Forgive the wonky slit, I’m a novice at mutilating my shoes!!!
That’s if you don’t count the elasticated ballerinas that I cut the elastic on, and made them fit my feet perfectly.
- I don’t have to spend more money on a bigger pair of Cliftons in a size that would swamp my left foot, as the Cliftons are long enough for both feet. I will however, order men’s next time round, as women’s are a B width, and men’s are a D. Newbie Hoka running shoe buyer mistake.
- The toes on my right foot are doing a happy dance now they have freedom and no pressure, with no numbness.
- I’m convincing myself that it’s impossible to spot the slit in the shoe unless you know it’s there. Humour me on this!
- It’s like finding the holy grail of comfort. I don’t want to run in anything else, really, everything I try now, feels like I’ve got blocks of cement on my feet. But. I have a perfectly good pair of Sauconys to wear out. They might become my walking trainers, as they’re also plush, but harder under foot than the Cliftons.
- The bouncy pillows might slow some people down, but I’m a slow runner anyway, so comfort wins out over speed for me. I’m a plodder.
- I’m wearing shoes that mean people expect me to be a better runner than I am. Laugh at me, go on, it’s ok.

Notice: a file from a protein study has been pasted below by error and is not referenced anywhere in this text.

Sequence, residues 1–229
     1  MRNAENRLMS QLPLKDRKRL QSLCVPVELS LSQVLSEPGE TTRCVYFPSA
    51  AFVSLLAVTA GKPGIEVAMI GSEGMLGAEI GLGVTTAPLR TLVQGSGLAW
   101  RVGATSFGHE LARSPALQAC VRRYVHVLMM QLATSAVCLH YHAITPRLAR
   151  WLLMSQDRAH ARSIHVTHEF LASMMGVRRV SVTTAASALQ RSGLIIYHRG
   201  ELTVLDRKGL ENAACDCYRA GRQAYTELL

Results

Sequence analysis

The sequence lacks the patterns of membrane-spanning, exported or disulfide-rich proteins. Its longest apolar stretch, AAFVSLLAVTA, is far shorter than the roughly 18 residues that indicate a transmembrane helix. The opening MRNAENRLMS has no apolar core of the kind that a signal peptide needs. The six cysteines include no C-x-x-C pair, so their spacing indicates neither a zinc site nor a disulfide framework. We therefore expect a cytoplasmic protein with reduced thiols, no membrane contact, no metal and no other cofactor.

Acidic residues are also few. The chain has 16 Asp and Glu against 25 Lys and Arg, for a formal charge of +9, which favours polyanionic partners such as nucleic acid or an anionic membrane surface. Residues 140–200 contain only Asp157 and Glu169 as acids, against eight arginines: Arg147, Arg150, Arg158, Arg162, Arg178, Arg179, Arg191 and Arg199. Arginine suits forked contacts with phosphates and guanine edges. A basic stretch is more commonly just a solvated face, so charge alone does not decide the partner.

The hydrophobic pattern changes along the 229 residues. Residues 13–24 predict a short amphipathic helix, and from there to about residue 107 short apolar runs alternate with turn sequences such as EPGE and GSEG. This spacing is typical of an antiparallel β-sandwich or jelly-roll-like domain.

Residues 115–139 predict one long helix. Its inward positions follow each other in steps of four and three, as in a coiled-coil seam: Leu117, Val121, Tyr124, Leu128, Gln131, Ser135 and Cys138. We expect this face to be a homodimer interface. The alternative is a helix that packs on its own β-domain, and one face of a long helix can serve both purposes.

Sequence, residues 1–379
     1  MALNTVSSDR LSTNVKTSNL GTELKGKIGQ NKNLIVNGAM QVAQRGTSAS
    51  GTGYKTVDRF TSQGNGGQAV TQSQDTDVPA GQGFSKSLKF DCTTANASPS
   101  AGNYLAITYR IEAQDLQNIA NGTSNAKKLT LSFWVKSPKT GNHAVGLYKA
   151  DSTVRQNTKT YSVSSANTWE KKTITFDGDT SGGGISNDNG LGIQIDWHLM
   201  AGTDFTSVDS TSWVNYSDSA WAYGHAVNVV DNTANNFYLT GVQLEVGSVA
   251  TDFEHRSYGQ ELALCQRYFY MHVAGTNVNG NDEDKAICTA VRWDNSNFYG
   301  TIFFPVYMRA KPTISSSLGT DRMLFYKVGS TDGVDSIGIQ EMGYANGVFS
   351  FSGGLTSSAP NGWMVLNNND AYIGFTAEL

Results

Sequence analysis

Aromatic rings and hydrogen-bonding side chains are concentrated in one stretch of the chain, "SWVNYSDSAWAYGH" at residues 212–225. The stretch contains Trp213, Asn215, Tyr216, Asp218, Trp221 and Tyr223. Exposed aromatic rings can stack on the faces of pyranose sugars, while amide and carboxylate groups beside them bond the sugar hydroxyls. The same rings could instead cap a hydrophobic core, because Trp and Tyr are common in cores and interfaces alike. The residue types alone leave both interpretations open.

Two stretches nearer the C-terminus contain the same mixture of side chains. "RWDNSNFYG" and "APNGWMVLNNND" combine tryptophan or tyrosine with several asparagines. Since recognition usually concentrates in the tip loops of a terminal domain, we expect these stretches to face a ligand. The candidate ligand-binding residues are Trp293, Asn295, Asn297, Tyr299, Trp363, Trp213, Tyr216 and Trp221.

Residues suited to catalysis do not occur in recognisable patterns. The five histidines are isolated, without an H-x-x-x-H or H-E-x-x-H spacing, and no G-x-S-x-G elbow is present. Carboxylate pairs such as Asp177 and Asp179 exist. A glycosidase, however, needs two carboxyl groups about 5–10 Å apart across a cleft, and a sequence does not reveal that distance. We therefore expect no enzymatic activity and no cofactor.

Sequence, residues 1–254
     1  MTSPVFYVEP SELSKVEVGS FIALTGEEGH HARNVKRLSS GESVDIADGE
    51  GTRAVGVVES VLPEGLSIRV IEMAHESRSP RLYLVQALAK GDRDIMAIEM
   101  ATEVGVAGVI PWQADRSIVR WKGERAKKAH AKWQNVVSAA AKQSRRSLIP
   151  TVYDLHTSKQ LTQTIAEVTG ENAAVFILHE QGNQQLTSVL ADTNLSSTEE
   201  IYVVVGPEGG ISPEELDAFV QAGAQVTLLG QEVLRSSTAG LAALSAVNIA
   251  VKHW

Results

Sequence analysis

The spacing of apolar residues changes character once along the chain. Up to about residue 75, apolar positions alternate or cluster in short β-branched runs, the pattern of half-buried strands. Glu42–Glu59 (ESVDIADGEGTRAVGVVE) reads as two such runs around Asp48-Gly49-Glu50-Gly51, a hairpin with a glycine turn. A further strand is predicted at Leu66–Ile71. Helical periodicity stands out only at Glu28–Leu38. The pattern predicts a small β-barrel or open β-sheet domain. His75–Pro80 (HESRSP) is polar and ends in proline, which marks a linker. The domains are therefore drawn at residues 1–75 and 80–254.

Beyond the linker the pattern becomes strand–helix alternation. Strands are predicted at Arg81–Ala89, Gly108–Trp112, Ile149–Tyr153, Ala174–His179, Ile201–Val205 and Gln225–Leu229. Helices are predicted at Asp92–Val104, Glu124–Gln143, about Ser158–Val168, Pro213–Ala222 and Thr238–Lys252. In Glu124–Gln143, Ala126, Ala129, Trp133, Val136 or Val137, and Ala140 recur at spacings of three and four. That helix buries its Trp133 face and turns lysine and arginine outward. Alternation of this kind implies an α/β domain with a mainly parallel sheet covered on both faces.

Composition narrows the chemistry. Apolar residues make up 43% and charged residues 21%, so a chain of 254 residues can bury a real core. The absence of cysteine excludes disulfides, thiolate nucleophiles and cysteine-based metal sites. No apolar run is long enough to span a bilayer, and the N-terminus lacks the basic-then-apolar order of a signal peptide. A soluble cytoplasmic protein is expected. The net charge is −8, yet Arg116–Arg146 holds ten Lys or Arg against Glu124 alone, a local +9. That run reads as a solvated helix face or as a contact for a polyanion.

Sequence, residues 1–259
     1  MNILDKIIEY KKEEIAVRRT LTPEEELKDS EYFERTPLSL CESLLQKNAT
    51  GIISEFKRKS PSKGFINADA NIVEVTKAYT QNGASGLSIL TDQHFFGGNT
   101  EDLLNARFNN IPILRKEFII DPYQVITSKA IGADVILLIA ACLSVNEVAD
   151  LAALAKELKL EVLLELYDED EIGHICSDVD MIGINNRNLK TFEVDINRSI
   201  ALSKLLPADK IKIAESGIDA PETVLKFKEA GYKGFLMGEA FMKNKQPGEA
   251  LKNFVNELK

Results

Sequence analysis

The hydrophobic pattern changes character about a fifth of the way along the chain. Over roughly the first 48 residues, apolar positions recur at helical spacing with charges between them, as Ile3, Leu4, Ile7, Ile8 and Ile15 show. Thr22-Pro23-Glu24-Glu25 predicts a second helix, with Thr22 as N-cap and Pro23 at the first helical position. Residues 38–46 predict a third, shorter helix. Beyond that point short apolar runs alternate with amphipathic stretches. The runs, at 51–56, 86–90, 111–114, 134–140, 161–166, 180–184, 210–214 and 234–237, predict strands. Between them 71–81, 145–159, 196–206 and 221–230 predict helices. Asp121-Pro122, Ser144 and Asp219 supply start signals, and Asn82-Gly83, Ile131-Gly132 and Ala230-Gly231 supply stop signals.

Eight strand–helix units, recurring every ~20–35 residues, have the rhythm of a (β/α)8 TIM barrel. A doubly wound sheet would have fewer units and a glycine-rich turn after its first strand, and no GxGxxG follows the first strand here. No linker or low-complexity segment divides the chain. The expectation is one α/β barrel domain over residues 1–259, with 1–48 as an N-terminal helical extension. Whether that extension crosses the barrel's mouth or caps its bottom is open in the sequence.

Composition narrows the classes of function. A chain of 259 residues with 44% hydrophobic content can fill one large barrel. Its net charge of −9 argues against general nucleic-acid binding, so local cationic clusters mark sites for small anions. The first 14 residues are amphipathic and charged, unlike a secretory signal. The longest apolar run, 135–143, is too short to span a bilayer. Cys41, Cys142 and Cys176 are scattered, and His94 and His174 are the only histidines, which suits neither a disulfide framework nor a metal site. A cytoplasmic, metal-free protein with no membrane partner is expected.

- Don’t buy shoes with the express intent of butchering them….really…..unless you’re me, and you’d do it again.
When these babies wear out, I’d love to try another different pair with even more cush. I wish Hoka would make their shoes more foot size friendly with softer uppers, but hey ho. I’ve worked around it. Will I always be a Hoka cutter? Who knows, but I wish their uppers were as good as their soles…
My absolute dream shoe would be Saucony Triumph ISO2 Upper, with the Hoka Clifton 2 sole. Wishful thinking. 🙂
2 thoughts on “I cut my expensive Hoka Clifton 2 running shoes – yes I did!”
Hi, I’ve just got some Hoka and thinking about doing the same. The only thing I’m worried about is whether it would affect the lifespan of the shoe by the cut gradually getting bigger over time. Has that happened to you? (I have Clifton 2’s). Good post – thanks! 🙂
The cut on mine hasn’t expanded any at all. I’ve run a good 200k on them since I cut them. Mine were Clifton 2 as well, although I now buy mens ones. I noticed the Clifton 3 are a bit wider for women, but I suspect they’d still not be wide enough at the little toe for me.
I’ve moved on to Vanquish 2 now, as more support for me at the ankle and not so heel unstable, but I loved my Clifton and still use them on the treadmill or walks. The lifespan of mine hasn’t been affected and I’ve run in wet weather with mine.
It’s always a risk, but I’d do it again. I love the poppy red ladies vanquish but know they’d be too narrow. Just wondering if I should buy them to cut, or whether I should just stay with the mens. They’re wider, but I could have done with a couple mm more, even with those.